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CHARLES M. ANDREWS, SR., Trustee of the Gloria M. Andrews Trust Dated April 23, 1998,
Plaintiff-Appellant,
v.
CITY OF MENTOR, OHIO,
Defendant-Appellee.
   No. 20-4030
Appeal from the United States District Court
for the Northern District of Ohio at Cleveland.
No. 1:20-cv-00058—Pamela A. Barker, District Judge.
Decided and Filed: August 25, 2021
Before: BOGGS, MOORE, and LARSEN, Circuit Judges.


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OPINION
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KAREN NELSON MOORE, Circuit Judge. Charles Andrews, Sr., Trustee of the Gloria M. Andrews Trust Dated April 23, 1998 (“the Trust”), appeals from a final judgment entered against the Trust by the district court after it granted the City of Mentor, Ohio’s (“the City”) motion for judgment on the pleadings. The Trust takes issue specifically with the district court’s resolution of the Trust’s claims arising under the Takings Clause and Equal Protection Clause, both of which stem from the City’s denial of the Trust’s application for rezoning of approximately sixteen acres of real property. For the reasons that follow, we REVERSE the judgment of the district court and REMAND for further proceedings.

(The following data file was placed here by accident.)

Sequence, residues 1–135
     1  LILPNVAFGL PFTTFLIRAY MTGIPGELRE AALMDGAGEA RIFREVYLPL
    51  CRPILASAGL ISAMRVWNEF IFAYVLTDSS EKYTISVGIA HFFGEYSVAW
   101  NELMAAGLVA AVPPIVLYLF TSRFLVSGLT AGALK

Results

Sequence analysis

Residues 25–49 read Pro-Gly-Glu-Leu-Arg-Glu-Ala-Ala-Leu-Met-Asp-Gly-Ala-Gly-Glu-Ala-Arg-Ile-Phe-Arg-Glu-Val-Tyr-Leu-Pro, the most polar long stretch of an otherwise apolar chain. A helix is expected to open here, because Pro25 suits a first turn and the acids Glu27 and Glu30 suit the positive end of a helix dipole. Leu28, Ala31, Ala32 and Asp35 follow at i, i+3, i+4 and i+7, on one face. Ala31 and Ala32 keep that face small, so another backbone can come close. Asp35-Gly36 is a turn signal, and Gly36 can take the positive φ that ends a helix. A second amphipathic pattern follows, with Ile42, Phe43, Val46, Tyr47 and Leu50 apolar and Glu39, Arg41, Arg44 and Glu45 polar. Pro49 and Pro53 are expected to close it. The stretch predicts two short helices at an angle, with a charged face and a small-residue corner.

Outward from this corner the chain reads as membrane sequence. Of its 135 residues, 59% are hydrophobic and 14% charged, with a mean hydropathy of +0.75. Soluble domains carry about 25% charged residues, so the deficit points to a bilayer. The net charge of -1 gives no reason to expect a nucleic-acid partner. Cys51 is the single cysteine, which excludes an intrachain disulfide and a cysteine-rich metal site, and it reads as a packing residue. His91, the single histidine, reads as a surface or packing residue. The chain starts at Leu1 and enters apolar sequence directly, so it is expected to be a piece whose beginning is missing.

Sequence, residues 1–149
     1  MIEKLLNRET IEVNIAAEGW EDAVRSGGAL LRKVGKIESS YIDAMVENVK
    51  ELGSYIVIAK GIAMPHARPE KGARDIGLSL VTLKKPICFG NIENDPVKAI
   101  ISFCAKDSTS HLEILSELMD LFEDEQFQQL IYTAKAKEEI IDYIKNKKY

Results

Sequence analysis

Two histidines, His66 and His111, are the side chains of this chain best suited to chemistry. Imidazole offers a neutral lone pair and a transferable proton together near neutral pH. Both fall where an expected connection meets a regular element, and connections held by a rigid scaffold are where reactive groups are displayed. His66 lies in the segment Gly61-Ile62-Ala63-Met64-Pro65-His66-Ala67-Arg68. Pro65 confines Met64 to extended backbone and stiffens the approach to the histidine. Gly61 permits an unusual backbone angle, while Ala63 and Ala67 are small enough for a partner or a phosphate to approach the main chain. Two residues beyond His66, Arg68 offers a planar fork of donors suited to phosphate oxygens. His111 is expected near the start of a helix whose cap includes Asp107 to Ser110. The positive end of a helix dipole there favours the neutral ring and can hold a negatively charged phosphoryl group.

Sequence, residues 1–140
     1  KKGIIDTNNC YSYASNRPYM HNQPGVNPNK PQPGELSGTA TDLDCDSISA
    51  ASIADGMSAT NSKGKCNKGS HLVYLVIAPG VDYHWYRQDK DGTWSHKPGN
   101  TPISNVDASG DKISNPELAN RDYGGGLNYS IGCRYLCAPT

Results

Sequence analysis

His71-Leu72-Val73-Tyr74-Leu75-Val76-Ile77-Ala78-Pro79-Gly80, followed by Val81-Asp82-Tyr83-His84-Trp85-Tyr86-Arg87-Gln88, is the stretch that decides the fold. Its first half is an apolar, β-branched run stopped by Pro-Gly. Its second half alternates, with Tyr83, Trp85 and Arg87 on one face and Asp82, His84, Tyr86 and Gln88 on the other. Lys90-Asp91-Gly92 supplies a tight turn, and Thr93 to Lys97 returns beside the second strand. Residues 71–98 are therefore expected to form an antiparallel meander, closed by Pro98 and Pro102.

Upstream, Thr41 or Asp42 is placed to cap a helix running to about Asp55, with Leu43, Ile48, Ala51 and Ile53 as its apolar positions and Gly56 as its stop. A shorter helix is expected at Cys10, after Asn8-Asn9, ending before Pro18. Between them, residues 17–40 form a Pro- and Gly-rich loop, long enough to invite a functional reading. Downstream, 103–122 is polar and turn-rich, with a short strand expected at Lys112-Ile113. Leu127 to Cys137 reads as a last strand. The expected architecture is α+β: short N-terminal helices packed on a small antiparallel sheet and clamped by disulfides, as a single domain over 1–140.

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ALISON PATRICIA TAYLOR,
Plaintiff-Appellant/Cross-Appellee,
v.
CITY OF SAGINAW, MICHIGAN; TABITHA HOSKINS,
Defendants-Appellees/Cross-Appellants.
   Nos. 20-1538/1588
Appeal from the United States District Court
for the Eastern District of Michigan at Bay City.
No. 1:17-cv-11067—Thomas L. Ludington, District Judge.
Argued: July 29, 2021
Decided and Filed: August 25, 2021
Before: GRIFFIN, LARSEN, and NALBANDIAN, Circuit Judges.


_________________________
OPINION
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The City of Saginaw routinely chalked car tires to enforce its parking regulations. In our prior opinion, we held that doing so is a search for Fourth Amendment purposes, and that “based on the pleadings stage of this litigation, . . . two exceptions to the warrant requirement—the ‘community caretaking’ exception, and the motor-vehicle exception—do not apply here.” Taylor v. City of Saginaw, 922 F.3d 328, 336 (6th Cir. 2019) (Taylor I). However, we left for another day whether the search could be justified by “some other exception” to the warrant requirement. Id.

We consider one of those other exceptions today—specifically, whether suspicionless tire chalking constitutes a valid administrative search. Because we conclude that it does not, we reverse the district court’s grant of summary judgment in favor of the City. But because we conclude that the alleged unconstitutionality of suspicionless tire chalking was not clearly established, the City’s parking officer, defendant Tabitha Hoskins, is entitled to qualified immunity. We therefore affirm in part, reverse in part, and remand for further proceedings consistent with this opinion.